New versions of the Bayrob Trojan have surfaced – after nine years.
First discovered in the spring of 2007, researchers saw the last big Bayrob campaign later on that fall.
Ever since then, the Trojan disappeared until this past winter and then two weeks ago, when new versions of the attack started reappearing, according to Sarah (Qi) Wu and He Xu, researchers at Fortinet.
Initial descriptions categorized this malware as a Trojan that sets up a proxy server in order to steal sensitive information from compromised computers.
These recent versions didn’t change that much but only added small tweaks here and there, mainly to make reverse engineering harder and to avoid detection on infected targets.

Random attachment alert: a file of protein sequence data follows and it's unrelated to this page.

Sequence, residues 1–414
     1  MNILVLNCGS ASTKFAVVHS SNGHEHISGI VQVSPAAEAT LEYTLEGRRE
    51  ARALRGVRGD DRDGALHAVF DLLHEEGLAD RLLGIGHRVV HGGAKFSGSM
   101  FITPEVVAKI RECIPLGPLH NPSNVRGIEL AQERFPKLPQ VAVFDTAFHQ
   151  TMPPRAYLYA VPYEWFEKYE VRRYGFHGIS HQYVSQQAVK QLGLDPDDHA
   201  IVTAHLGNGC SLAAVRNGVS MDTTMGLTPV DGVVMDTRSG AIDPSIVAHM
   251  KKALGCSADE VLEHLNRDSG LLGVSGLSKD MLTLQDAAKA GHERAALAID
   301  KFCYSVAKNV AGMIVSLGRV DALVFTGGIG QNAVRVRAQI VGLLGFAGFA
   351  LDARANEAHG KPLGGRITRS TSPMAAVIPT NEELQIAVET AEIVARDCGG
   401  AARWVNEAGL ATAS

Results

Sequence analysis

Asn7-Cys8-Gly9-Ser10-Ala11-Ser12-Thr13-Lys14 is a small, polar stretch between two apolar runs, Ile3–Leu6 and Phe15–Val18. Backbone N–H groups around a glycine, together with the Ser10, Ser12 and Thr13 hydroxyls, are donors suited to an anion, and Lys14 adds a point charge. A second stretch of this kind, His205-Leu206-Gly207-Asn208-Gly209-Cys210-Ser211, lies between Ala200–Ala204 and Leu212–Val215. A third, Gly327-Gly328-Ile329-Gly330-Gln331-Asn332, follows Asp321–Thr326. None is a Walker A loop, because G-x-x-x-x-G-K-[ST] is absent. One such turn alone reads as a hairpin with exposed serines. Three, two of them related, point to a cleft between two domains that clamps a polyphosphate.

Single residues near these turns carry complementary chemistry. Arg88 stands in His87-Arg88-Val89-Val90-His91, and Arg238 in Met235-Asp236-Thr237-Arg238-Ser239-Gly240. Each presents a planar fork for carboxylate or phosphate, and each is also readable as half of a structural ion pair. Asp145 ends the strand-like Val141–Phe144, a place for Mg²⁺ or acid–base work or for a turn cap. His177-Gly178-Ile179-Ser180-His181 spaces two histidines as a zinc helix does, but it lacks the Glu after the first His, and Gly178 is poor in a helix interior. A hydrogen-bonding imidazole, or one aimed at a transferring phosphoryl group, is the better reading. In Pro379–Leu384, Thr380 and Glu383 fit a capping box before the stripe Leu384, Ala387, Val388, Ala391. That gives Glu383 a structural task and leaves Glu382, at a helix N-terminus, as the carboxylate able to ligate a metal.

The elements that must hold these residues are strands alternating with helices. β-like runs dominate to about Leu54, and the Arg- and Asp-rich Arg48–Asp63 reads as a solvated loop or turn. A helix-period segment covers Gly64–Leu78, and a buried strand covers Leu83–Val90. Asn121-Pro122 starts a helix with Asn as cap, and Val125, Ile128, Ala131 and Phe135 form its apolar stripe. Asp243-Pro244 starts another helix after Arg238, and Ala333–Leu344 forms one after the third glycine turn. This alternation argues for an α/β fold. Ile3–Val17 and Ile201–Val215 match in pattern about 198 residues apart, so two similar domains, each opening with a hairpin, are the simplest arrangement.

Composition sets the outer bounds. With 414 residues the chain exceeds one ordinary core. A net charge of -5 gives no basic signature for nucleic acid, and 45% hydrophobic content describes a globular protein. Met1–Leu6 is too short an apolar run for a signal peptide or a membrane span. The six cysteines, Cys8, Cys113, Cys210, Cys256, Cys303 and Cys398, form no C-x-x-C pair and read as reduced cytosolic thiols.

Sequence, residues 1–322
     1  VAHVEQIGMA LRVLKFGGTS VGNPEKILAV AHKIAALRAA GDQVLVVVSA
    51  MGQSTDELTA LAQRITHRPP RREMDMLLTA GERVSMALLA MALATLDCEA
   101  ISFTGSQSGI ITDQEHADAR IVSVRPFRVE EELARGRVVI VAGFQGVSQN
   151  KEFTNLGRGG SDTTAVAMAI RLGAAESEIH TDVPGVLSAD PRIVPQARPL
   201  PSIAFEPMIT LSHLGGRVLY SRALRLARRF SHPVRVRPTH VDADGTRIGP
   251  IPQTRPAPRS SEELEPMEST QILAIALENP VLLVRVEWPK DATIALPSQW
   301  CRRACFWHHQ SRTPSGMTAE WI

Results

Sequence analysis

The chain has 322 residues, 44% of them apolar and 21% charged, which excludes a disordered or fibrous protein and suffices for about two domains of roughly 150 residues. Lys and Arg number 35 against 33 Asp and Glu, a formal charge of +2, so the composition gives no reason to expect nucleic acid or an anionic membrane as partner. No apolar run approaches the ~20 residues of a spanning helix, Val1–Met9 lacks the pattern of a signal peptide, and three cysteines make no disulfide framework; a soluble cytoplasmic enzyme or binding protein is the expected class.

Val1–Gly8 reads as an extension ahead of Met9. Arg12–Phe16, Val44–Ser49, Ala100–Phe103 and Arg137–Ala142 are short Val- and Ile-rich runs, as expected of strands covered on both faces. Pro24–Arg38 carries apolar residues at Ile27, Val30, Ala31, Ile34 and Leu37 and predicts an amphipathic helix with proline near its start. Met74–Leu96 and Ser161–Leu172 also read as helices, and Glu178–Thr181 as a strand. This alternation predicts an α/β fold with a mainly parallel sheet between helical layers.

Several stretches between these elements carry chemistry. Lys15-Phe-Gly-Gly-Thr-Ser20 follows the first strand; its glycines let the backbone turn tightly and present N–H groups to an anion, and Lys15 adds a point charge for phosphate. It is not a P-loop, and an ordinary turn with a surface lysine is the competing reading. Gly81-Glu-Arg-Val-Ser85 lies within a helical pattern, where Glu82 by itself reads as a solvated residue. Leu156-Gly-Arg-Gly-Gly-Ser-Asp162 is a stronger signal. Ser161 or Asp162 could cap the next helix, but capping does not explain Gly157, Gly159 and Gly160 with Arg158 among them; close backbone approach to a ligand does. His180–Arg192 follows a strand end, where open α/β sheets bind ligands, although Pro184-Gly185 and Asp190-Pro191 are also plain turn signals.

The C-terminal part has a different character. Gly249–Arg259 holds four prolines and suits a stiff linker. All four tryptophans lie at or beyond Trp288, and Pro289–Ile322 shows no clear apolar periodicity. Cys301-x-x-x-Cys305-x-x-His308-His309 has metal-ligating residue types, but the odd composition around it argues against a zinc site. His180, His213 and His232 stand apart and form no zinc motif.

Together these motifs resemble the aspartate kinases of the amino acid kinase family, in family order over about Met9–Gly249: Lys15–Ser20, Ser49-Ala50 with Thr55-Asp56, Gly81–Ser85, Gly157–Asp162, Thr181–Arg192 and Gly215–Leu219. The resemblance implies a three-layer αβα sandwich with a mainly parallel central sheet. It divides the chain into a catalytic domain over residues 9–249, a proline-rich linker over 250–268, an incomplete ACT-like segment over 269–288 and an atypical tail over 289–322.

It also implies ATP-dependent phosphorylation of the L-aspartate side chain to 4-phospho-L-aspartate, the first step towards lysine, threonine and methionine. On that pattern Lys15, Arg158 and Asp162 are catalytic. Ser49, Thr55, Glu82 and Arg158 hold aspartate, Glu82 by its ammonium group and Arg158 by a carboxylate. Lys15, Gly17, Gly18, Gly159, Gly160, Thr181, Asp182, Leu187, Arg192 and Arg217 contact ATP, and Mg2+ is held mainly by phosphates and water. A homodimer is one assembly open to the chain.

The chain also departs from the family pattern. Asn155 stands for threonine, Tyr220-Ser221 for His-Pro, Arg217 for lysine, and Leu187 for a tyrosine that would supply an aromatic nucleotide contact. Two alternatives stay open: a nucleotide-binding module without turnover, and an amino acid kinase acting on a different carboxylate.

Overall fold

New versions of Bayrob now clone themselves in order to launch multiple processes, each having its own malicious routine, researchers said in a blog post.
Since the Trojan is within other files, to avoid situations where the user double-clicks a file and nothing happens, Bayrob shows an error message telling them the file doesn’t work with their version of Windows and that they need to upgrade. Of course, this is a static message and will show regardless of platform.
When stealing and exfiltrating information, Bayrob also encrypts the data, which prevents researches and security products from detecting its actions.
C&C server communications are also different now, and Bayrob uses a custom protocol over TCP/IP to talk to its server, also encrypted.
Additionally, Bayrob features strong code obfuscation and dead code to avoid detection and deter researchers from taking a closer look.